S2: So the Postal Service won’t discuss who is going to be most affected by these mail slowdowns, which is why we did the math for them. What we found in our analysis of these slowdowns is that this is going to most affect folks on the coasts and the outer edges of the country. Why? Because we’re going to drive stuff across the country instead of flying it across the country. That’s going to take more time. So I sent something to my grandmother in Florida that’s going to take longer than it once did, because the thing is that letter is not going to ride on the belly of a Southwest Airlines flight on the way down there. It’s going to go in the truck and it’s going to ride down 95. That has a big impact on consumers. Because think about the the things that you rely on in the mail, prescription medication is huge. Your bills, your paychecks. A lot of those are sent from centralized mail houses. They are not necessarily sent from your workplace or your doctor’s office down the street or your insurance company percent from centralized mail offices that are scattered around the country. Sometimes those businesses can do something to get that now closer to you before it enters a post office. Sometimes they can’t. And so I get emails and letters from folks all the time saying I got a late fee on my credit card bill because my bill didn’t show up on time. And how am I supposed to know I can’t pay my prescription? Medications were late. I had to go to the pharmacy and beg them to film me something. So just to tide me over, you know, these are the kinds of issues that that folks face. And oh my god, we’re about to gear up for the holiday season. What a mess that could be.

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S1: Hmm. There’s been a lot of pushback about the mail slowdowns in particular and the 10 year plan generally. But I have to say, when I’ve read what the postmaster has said about this shift that this plan represents, he’s trying to move the Postal Service away from mail and toward packages because yes,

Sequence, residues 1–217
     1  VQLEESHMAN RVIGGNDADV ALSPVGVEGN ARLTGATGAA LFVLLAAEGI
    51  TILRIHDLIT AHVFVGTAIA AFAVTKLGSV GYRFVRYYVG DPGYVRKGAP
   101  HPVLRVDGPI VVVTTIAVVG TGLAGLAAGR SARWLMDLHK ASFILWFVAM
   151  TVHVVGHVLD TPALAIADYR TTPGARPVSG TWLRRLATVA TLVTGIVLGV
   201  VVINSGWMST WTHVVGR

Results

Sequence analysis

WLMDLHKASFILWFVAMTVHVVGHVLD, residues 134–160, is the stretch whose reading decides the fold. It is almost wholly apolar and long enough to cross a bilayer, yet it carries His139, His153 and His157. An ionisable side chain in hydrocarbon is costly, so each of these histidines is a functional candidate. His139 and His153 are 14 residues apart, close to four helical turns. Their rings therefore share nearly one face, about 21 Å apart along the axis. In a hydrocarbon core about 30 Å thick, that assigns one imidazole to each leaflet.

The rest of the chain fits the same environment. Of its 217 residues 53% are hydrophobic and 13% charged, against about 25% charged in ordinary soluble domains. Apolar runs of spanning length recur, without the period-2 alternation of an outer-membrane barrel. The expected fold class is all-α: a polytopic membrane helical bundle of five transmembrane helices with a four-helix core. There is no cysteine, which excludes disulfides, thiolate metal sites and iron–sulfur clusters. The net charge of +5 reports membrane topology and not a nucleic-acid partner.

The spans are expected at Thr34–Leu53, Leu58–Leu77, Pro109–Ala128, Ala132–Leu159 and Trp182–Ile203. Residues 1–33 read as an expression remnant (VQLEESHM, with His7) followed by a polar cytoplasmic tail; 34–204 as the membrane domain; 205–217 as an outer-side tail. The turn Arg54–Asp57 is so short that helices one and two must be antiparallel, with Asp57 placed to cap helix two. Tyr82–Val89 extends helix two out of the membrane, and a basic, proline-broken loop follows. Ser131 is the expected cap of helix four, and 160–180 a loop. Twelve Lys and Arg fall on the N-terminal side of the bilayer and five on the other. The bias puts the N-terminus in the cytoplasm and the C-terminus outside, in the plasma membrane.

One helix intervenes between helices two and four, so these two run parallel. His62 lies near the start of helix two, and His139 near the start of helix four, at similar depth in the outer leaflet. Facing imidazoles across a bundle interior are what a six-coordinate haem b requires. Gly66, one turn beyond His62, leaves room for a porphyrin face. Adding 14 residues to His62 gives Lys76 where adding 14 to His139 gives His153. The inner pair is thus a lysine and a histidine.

S2: that is the future revenue for the post office. Yes. Right.

S1: And that makes sense. That makes utter sense to me. I just I can also see why people are very skeptical of this plan because no one’s trying to compete with the Postal Service on First-Class Mail. That’s something that private companies don’t want a piece of. Postal Service already does it well. So it’s it’s a little bit odd. You know, I can understand skepticism. Why would you try to do that less well if you’ve already cornered the market in that spot?

S2: Think about it a little bit more skeptically, right? The Postal Service has a monopoly on mail service. It does by law. By the way, FedEx can’t use your mailbox. Amazon can’t use your mailbox. The mailbox belongs to you and your mail carrier. That’s it. If nobody else can break into that market, why do you need to be more efficient in that market? If you’re going to compete with Amazon, which is building out its own distribution service, by the way, which is a huge threat to the Post Office, if you’re going to compete with FedEx and UPS, you need to offer services that truly do compete with those firms. The Postal Service in the package area, they rely on this thing called coopetition, right, which is we have to go to one hundred and sixty one million addresses six days a week, which means that Amazon and FedEx and UPS, if we’re already going there, they can just give us that stuff and we’ll take their money to do it. The more its competitors build out their own distribution networks, which they use the pandemic to do, the more that model no longer works for the Postal Service. They need to innovate in the package area. And frankly, they need to do that even before the pandemic.